easier with practice. These cases are denoted by an 'x', because the stickers you are recognizing
cross with each other. For example, if the case is OxO, that means that FU and RUF are opposite,
and FUR and RU are also opposite.

CxO and OxC are pretty tough to recognize, but this is the best way that I've found for me
to deal with them. Fortunately, the rest of the sticker relationships are very easy to recognize.
There are 12 ways the stickers can possibly be.
This is primarily used for ZBLL, but you can also apply this to PLL.

If you have a Ua Uperm, then from all angles the cases would be:

no auf: A/O (where the edge in FU and the corner in FUR are adjacent colors, and the edge in RU and the corner in RUF are opposite colors)
U auf: O/C (FU and FUR are opposite colors, RU and RUF are the same (correct, it forms a block) colors)
U2 auf: C/A (FU and FUR are the correct colors, RU and RUF are adjacent colors)
U' auf: A/A (or CxA) (FU and FUR are adjacent, RU and RUF are also adjacent colos) (or FU and RUF are the correct colors, RU and FUR are adjacent colors)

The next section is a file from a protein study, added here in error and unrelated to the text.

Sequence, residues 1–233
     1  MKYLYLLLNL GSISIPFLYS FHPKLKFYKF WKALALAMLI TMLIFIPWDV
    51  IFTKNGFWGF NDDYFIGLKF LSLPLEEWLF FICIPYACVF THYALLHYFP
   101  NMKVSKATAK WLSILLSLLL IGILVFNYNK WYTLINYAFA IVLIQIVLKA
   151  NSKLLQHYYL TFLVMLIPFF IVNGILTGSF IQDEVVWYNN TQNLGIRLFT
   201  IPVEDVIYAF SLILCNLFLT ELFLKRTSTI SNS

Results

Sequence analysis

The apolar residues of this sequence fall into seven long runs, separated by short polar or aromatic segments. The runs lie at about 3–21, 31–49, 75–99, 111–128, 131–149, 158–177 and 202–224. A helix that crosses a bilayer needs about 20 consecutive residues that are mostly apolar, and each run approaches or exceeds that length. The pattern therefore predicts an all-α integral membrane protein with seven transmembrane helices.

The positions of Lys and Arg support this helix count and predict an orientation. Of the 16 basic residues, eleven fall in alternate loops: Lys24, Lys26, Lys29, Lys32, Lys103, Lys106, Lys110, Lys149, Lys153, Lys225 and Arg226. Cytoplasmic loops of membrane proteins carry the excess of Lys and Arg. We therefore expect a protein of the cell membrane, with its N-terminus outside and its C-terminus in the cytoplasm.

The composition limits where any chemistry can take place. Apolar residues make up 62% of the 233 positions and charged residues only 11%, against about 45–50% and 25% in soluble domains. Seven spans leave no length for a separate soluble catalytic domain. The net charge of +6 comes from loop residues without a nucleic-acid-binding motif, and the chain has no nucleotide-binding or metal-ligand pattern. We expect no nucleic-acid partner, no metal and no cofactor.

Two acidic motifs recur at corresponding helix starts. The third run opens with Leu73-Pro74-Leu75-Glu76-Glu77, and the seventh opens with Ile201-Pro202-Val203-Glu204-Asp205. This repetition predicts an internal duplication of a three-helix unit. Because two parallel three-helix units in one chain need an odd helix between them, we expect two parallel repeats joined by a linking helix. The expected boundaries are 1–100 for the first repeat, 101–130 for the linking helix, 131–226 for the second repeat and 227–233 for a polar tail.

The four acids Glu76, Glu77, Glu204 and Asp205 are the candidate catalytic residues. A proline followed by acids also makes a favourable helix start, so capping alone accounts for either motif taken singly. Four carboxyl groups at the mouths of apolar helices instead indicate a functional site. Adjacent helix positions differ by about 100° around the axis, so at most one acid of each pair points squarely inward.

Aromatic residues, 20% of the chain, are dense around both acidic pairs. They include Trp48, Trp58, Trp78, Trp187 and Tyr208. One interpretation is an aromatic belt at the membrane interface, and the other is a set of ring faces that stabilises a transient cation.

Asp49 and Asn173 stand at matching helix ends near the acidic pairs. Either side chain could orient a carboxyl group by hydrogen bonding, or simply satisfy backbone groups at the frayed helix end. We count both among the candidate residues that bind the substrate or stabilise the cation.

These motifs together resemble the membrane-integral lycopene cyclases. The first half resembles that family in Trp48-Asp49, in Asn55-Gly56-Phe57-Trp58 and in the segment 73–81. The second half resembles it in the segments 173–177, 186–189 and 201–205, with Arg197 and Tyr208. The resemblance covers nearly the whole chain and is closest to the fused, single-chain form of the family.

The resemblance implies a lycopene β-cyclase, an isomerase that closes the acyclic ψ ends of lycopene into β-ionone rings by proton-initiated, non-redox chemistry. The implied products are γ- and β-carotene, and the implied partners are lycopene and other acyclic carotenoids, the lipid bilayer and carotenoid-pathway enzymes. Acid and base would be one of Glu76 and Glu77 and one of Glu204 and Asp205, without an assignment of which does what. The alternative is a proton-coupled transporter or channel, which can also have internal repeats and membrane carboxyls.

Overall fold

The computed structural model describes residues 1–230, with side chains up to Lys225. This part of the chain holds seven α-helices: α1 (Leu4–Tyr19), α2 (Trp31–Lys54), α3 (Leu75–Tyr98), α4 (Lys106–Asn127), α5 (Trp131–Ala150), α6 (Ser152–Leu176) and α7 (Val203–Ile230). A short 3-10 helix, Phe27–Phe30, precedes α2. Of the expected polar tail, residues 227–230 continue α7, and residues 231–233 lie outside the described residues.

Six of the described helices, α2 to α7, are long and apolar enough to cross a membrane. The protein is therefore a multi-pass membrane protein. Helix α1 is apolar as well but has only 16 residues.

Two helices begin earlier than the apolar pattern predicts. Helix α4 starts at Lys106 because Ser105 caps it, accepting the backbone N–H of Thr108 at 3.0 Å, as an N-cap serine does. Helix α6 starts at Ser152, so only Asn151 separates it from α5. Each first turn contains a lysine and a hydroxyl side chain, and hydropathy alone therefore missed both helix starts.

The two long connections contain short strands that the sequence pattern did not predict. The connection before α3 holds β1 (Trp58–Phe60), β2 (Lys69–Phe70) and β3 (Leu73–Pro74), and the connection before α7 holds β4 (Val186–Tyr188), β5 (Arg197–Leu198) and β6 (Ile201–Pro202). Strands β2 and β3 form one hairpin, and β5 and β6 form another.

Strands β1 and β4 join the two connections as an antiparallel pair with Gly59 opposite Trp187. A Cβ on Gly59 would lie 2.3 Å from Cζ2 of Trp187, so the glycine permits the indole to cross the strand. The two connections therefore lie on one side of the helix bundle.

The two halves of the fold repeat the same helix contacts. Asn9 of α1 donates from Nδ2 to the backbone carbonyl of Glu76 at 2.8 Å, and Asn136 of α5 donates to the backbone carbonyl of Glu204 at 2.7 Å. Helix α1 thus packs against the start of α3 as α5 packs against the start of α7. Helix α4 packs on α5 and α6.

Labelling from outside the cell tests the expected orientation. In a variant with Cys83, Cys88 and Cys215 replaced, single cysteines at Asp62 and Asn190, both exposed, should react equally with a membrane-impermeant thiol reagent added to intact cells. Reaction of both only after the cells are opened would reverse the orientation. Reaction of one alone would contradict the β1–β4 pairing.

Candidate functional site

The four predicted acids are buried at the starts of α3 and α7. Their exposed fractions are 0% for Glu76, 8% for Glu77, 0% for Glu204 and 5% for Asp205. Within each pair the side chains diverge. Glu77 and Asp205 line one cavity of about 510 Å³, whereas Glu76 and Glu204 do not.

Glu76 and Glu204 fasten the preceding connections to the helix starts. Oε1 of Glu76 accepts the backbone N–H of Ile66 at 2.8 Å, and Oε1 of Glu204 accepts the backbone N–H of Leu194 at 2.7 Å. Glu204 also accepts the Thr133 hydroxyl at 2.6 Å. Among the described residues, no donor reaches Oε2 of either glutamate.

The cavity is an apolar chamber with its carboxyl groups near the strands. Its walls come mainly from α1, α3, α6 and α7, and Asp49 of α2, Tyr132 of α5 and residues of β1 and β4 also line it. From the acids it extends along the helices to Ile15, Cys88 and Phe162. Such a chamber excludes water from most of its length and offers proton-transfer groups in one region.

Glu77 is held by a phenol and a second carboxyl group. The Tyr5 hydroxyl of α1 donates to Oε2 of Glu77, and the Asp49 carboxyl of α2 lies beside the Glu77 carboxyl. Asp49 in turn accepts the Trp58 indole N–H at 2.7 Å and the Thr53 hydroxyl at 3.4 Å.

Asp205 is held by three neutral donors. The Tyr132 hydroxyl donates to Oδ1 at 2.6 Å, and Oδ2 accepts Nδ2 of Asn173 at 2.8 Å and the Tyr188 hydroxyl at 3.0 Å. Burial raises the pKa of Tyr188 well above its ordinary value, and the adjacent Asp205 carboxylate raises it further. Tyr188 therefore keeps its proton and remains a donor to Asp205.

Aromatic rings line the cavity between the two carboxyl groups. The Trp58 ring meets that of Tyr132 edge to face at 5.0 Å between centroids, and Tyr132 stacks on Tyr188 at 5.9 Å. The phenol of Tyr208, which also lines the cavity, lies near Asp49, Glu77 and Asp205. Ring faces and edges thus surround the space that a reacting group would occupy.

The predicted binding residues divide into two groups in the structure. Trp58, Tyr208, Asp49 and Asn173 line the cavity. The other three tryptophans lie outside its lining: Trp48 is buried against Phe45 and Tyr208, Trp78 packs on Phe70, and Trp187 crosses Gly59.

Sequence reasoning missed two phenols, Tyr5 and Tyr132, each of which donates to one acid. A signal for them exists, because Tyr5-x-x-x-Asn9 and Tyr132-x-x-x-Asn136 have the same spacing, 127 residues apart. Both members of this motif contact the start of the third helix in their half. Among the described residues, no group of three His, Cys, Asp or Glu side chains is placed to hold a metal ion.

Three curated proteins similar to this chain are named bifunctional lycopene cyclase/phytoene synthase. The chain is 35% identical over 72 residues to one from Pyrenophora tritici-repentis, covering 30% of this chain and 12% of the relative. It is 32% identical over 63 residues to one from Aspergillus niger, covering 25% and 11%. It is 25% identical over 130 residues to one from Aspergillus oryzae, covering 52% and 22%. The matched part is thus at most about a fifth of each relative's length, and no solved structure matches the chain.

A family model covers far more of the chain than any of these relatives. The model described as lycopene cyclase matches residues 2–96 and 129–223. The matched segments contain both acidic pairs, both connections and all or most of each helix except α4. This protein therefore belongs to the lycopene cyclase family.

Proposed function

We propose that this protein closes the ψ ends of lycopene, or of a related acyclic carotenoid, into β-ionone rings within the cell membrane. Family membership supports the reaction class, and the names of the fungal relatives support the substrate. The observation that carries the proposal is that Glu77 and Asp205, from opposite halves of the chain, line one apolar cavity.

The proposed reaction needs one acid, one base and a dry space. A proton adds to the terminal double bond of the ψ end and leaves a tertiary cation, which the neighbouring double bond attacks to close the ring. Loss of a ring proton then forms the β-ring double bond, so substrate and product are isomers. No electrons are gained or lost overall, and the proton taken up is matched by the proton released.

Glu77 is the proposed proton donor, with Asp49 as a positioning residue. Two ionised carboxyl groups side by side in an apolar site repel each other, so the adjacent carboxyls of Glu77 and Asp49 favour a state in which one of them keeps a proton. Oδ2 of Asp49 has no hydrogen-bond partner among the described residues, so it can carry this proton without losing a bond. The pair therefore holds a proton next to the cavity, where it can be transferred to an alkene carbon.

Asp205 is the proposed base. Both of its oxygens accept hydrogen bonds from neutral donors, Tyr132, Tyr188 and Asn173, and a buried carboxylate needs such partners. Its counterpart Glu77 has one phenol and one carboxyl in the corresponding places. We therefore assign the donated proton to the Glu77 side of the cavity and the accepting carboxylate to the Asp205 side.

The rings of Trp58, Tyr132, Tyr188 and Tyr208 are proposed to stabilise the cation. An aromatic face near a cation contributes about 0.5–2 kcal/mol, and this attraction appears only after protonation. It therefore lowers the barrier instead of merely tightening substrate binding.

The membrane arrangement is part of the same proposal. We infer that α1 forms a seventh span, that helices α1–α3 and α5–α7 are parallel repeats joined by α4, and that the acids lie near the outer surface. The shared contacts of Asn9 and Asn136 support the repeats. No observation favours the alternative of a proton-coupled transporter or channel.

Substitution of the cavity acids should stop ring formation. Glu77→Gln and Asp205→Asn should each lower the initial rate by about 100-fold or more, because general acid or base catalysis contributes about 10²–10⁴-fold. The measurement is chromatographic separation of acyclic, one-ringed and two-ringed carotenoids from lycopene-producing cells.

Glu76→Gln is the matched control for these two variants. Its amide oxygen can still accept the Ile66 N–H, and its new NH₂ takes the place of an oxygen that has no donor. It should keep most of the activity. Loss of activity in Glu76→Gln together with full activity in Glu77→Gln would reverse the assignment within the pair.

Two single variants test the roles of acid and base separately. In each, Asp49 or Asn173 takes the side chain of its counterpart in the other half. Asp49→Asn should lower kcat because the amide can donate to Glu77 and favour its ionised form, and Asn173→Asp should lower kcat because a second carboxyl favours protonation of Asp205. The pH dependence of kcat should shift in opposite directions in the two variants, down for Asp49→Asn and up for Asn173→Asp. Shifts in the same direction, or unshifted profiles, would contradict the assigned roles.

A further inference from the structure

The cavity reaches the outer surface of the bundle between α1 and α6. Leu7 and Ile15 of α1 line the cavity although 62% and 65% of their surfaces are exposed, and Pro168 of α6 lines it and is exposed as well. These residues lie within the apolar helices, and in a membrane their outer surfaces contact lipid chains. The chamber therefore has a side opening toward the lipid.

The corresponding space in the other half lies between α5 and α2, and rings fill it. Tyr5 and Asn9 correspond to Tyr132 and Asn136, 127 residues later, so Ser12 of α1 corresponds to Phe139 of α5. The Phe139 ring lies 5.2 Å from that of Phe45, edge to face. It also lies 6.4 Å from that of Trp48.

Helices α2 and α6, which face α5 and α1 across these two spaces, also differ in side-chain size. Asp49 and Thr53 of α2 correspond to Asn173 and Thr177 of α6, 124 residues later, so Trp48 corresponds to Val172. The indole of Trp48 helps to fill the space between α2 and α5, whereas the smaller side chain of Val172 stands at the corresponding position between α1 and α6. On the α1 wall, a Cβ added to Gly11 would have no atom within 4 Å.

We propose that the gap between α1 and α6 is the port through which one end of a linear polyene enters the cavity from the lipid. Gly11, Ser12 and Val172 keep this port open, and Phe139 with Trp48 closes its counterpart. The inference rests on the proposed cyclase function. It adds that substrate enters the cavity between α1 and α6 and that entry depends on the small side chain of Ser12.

I hope this helps with the recognition system.
 

ProStar

Member
Joined
Oct 27, 2019
Messages
3,521
Location
An uncolonized sector of the planet Mars
WCA
2020MAHO01
Basically I'm bad at inspecting(which is crucial in ZZ), so I decided to do a few CFOP solves for fun(I was planning on doing an Ao25 because it would bump my session over 1k solves) and was averaging low 17. It also felt much less straining on my energy, because I could effectively plan cross and not have to take(what seemed liked, actually takes me 15 seconds on average) a minute to plan EO. Then I got some amazing results, including a 12.34 Mo3 and 13.10 Ao5(both PBs). My ZZ Mo3 and Ao5 PBs are 15.00 and 15.69 respectively, and I got several averages below those results within about 70 solves. Probably will switch again to something(ZZ or something else(Petrus?)) in the future, so just be ready for that ;)
 

Owen Morrison

Member
Joined
Aug 16, 2019
Messages
1,190
Location
Tennessee
WCA
2017MORR06
YouTube
Visit Channel